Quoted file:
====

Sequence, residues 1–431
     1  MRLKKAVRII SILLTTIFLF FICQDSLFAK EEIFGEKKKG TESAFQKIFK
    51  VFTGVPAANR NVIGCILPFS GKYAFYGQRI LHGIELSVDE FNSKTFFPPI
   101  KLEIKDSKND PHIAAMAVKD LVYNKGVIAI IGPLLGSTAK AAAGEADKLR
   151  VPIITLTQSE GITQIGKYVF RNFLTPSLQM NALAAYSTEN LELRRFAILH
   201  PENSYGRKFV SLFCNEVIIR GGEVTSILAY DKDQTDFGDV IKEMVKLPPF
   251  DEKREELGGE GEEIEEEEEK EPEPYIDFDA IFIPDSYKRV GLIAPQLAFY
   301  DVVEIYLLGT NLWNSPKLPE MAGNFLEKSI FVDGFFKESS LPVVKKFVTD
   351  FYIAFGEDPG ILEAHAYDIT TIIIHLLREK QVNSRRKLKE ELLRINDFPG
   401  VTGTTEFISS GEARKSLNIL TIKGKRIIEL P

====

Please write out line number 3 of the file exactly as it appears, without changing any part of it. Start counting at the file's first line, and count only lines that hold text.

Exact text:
    51  VFTGVPAANR NVIGCILPFS GKYAFYGQRI LHGIELSVDE FNSKTFFPPI